The STX deal and other jazz

Posted by By at 30 July, at 15 : 00 PM Print

The STX deal and other jazz


What exactly is wrong with you journalists?

What do you mean?

Why do you people always like to pick quarrel with those in authority?

What is agitating you, my broda. What exactly is bugging you, now?

You are asking me what’s bugging me, ehn! What are we to make of all the negative things you nattering nabobs of negativism continue to write about our great president who is a study in intellectual acumen, boisterous humility, irrepressible modesty, unfathomable political sagacity, immeasurable maturity and…

I get the gist, but I still do not know what exactly you are talking about.

Where have you been all this time, where… on Mars, tell me?

No, I have been around.

And you pretend not to know what you and your colleagues have been writing about our God-sent president who is the envy of the world and the toast of Africa.

Oh, we have been doing our jobs, like the rest of Ghanaians and to the best of our abilities…

One would have thought that the government’s efforts to build houses for our people would be cheering news, but all that we hear are sneering snickers with almost every journalist nit-picking and questioning the integrity of the president and his vice. And now the whole project has been put in limbo. What exactly is wrong with you guys?

Oh, you are talking about the STX deal?

Ah, yes and yes, I am talking about it. Yes. What is wrong with our president doing his best, to put a roof over the heads of the men and women, who are doing their best to make sure that you and I and the rest sleep soundly at night? Tell me, what is wrong in that?

Nothing per se, but…

But what now? Why do you guys fail to give Mr. President kudos for his brilliant foresight, illuminating vision, enlightening …

You don’t have to apply all those big grammar; I get the gist of your meaning. But what is wrong in pointing out what we think is wrong with any government decision in general and that deal in particular? By doing our job diligently, we have managed to save our nation a gigantic embarrassment not to mention saving the future of our oil income…

Ah, you guys will never fail to surprise me. So, you common variety journalists think that you know better than our elected president and his illustrious vice and their patriotic officials? You guys think that our hard-working security personnel do not deserve decent housing?

Now, you’re being mischievous. Of course, our security personnel, like the rest of Ghanaians, deserve good accommodation. We support any effort to ameliorate the sufferings of Ghanaians especially in the housing department. Articulating their welfare is why we are in business…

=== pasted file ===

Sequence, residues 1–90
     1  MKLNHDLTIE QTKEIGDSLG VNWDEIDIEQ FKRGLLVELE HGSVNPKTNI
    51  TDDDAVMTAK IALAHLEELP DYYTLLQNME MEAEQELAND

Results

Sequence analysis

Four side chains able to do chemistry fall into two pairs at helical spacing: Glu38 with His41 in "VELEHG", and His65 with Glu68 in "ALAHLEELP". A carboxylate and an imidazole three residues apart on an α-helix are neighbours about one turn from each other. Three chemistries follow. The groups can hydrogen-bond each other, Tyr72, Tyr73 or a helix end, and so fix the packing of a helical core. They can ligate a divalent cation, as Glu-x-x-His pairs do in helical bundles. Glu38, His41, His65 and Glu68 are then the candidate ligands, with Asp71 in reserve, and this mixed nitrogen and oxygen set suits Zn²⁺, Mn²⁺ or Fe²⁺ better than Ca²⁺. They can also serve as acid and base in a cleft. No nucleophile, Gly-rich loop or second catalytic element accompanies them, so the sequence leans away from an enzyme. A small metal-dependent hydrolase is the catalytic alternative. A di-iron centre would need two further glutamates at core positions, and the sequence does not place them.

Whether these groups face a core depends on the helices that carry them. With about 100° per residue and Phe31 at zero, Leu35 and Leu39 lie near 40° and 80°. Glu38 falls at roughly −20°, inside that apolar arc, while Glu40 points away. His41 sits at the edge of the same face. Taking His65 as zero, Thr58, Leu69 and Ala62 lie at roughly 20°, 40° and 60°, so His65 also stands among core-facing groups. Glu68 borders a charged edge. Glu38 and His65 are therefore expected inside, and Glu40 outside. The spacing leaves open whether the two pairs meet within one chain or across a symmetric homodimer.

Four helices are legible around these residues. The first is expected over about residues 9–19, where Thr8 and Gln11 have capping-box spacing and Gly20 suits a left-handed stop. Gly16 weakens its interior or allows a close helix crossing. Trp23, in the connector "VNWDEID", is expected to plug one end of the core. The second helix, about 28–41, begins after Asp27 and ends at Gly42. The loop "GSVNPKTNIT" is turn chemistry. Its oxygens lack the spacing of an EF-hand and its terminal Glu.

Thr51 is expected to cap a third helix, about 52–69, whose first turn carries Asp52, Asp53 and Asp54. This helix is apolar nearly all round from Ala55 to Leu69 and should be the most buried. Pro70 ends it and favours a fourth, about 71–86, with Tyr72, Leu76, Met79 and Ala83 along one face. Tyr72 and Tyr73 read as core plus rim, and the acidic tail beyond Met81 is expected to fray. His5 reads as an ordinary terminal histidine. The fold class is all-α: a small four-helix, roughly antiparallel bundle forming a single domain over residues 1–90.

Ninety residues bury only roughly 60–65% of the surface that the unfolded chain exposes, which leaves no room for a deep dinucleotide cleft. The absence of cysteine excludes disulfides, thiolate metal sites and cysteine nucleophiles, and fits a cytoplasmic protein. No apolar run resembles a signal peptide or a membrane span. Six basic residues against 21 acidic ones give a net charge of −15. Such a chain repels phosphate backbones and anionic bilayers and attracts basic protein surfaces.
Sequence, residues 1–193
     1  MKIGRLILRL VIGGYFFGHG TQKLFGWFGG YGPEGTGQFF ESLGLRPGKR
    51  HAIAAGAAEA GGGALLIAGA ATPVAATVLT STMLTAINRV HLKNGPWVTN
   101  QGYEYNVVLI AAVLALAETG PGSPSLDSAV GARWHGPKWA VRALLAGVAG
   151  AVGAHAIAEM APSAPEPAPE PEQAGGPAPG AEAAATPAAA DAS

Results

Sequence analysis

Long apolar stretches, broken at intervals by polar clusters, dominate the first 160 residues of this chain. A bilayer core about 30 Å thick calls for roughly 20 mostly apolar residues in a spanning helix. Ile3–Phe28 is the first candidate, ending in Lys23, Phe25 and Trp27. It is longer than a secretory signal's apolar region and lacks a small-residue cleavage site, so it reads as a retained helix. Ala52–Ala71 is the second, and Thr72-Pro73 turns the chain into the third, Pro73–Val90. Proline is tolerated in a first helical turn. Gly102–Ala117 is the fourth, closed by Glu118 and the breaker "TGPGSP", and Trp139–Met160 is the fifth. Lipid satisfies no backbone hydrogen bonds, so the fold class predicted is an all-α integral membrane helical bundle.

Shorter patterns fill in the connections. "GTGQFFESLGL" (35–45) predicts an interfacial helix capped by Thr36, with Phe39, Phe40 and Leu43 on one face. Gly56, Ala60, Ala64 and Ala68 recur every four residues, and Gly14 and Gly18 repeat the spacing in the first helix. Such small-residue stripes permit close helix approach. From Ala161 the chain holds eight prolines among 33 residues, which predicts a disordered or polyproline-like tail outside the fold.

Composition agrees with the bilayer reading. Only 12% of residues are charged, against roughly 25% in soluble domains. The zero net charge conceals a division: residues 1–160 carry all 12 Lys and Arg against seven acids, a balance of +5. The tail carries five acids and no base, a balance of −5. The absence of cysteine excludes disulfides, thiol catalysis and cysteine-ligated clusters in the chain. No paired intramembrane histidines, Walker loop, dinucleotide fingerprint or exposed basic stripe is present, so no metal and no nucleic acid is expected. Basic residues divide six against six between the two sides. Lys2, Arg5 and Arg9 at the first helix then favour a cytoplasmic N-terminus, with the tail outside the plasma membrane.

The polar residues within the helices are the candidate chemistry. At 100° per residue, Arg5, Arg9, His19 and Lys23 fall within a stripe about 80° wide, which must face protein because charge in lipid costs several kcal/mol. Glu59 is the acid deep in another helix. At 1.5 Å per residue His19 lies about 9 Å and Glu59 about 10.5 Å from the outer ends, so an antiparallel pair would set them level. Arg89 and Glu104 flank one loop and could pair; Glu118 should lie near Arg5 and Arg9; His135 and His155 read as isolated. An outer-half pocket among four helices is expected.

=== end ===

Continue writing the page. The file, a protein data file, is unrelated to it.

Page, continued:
Why then did you guys pilloried the President like he had committed high treason and had him withdraw the deal from parliament? I hope that you are all happy with your torpedoing the best deal our country had in a long time. Thanks to you, our security boys and girls will continue to live in pre-world war dilapidated bungalows.

I wonder why you are picking only on journalists. Very many people and interest groups opposed the deal for different reasons. One of them is that it violates the President’s proclamation to have an agenda for a better Ghana…

Are you saying that building modern houses for our security people violates the principles of a Better Ghana Agenda?

If only you will let me land before you’ll bury me. The President came into office singing the mantra of open government, transparency and all that. But the STX deal was wrapped in huge secrecy with only few initiates understanding what the whole thing is all about. Ghana is a practicing democracy, or so we are being told by those governing us, why shouldn’t we have input into a deal that involves some ten billion dollars loan…

But you guys could have let the parliament do its job without all your jabbering, blackmail and cacophonous noises.

Making noise happens to be part of our job, thank you very much. Are you not assuming that the parliamentarians will not slumber through it the way and manner they did during the Ghana Telecomm deal? Or don’t you think that they could have allowed themselves to be bribed as they were alleged to have done by one of their members? We got involved because the sum involved is so vast, the contract, at least from what we have been able to glean, is so convoluted that it should be subjected to more public and very open scrutiny. Why on earth should a private Korean company be demanding that we waive our sovereign rights to sue them if the deal sower? Why are they demanding that it should be treated with urgency by our parliament? Why should our government borrow money to give to Koreans to build houses for us; why doesn’t it borrow the money and give it to our local builders?